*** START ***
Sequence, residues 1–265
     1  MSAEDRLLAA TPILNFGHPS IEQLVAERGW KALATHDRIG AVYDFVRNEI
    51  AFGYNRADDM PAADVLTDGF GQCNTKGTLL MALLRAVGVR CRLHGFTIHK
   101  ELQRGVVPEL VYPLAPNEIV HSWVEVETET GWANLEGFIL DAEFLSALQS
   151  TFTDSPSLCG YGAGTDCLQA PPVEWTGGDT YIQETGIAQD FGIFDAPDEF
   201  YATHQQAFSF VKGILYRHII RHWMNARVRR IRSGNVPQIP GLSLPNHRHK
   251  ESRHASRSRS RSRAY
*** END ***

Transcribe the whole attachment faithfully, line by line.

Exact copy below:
Sequence, residues 1–265
     1  MSAEDRLLAA TPILNFGHPS IEQLVAERGW KALATHDRIG AVYDFVRNEI
    51  AFGYNRADDM PAADVLTDGF GQCNTKGTLL MALLRAVGVR CRLHGFTIHK
   101  ELQRGVVPEL VYPLAPNEIV HSWVEVETET GWANLEGFIL DAEFLSALQS
   151  TFTDSPSLCG YGAGTDCLQA PPVEWTGGDT YIQETGIAQD FGIFDAPDEF
   201  YATHQQAFSF VKGILYRHII RHWMNARVRR IRSGNVPQIP GLSLPNHRHK
   251  ESRHASRSRS RSRAY